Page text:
Extratropical cyclone, remnant low, tropical disturbance, or monsoon depression

The second tropical cyclone of the 1916 season formed as a tropical depression in the southwestern Caribbean Sea around 12:00 UTC on June 28. The depression drifted northwestward, and on June 30 it passed just east of Cabo Gracias a Dios.[3] The system swept across the Swan Islands beginning on the morning of July 1, punctuating two days of unsettled weather there. Operationally, this was the first confirmation of the storm's existence.[4] Around 00:00 UTC on July 2, the depression intensified into a tropical storm while centered just west of the Swan Islands.[3] On the afternoon of July 3, USCGC Itasca encountered easterly gale-force winds while located 25 mi (40 km) south of Cape San Antonio, Cuba; late that night, USS Monterey also endured gales generally from the east while situated roughly 90 mi (140 km) northwest of the cape. As a result, it was determined that the system,[4] after intensifying into a hurricane at 18:00 UTC on July 3,[3] passed west of the ships through the Yucatán Channel and into the Gulf of Mexico. No further radio reports were received from ships near the hurricane, apparently because of effective shipping advisories. Upon entering the Gulf of Mexico, the hurricane began to strengthen more quickly and accelerated toward the north-northwest.[4]

Animated analysis of the weakening storm's movement from July 7–11, showing rainfall totals in six-hour intervals

As the storm approached the central Gulf Coast of the United States, it possessed maximum sustained winds of 120 mph (195 km/h), making it a Category 3 major hurricane on the modern-day Saffir–Simpson scale.[3] This is officially listed as its peak intensity, but because observations of the storm over the open Gulf of Mexico were sparse, it may have previously been stronger. At 20:00 UTC on July 5, the hurricane made landfall near Pascagoula, Mississippi, while at its strongest known intensity.[5] At the time, this represented the earliest recorded U.S. major hurricane landfall in any season.[6] While the eye passed overhead, Pascagoula experienced a 20-minute lull in the storm's force.[7] At landfall, the radius of maximum wind was likely 17 to 23 mi (27 to 37 km) and minimum central barometric pressure was estimated at 950 hPa (28.05 inHg), the latter of which was used to derive the storm's peak winds.[5]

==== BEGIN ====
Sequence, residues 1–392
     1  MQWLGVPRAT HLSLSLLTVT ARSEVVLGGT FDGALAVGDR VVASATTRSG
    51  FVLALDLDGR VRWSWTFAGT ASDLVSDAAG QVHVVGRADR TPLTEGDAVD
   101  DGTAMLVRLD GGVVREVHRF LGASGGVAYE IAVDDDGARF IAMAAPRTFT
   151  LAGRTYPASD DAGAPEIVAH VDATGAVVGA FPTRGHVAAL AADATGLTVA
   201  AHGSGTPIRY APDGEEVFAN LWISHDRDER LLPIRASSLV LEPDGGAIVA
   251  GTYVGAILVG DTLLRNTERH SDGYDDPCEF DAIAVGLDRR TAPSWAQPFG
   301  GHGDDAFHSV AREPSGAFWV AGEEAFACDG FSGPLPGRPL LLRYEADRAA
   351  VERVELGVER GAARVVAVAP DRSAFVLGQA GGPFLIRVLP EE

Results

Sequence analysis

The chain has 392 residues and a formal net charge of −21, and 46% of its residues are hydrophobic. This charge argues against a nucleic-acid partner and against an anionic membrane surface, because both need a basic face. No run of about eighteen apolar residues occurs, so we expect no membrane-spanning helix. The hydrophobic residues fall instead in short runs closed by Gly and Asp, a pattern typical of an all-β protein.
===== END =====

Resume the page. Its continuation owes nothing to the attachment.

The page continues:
Moving inland, the hurricane weakened to a tropical storm by the morning of July 6, and it rapidly slowed as its northward progress was suppressed by a large high-pressure area over the Great Lakes.[8] For several days the storm meandered across Mississippi and Alabama,[5] and it continued to produce tropical storm-force winds through July 8. It finally deteriorated into a tropical depression around 00:00 UTC on July 9, while centered over central Alabama. The depression persisted for nearly two more days before losing its characteristics as a tropical cyclone over southern Tennessee, late on July 10.[3] By the next morning, the disturbance had become indistinct.[9] Recent reanalysis efforts have produced multiple changes to the hurricane's track in the Atlantic hurricane database, including an earlier formation and a slower initial intensification rate.[5]



Notice of the burgeoning hurricane was first telegraphed to United States Weather Bureau offices on July 2,[4] and advisories were disseminated to the public over the following days.[7] Late on July 4, the Weather Bureau hoisted storm warnings along the coast from Louisiana to the Florida Panhandle,[4] and the stretch between New Orleans, Louisiana, and Mobile, Alabama, was upgraded to a hurricane warning early the next day.[10] In Mobile, the advance notice of the storm was credited with saving lives and $100,000 in wares.[7] Railroads along the Gulf Coast suspended operations as the storm approached, and many small craft sought shelter in ports.[7][11] In New Orleans, women and children working in factories and department stores were sent home early on July 5 to avoid being caught in the worst conditions.[11]


Cotton bales strewn across Southern Railway tracks in Mobile, Alabama

As the storm passed west of Cuba, its effects extended as far east as Havana, where winds reached 56 mph (90 km/h). Across the Florida Straits, Key West, Florida, recorded 36 mph (58 km/h) winds.[4]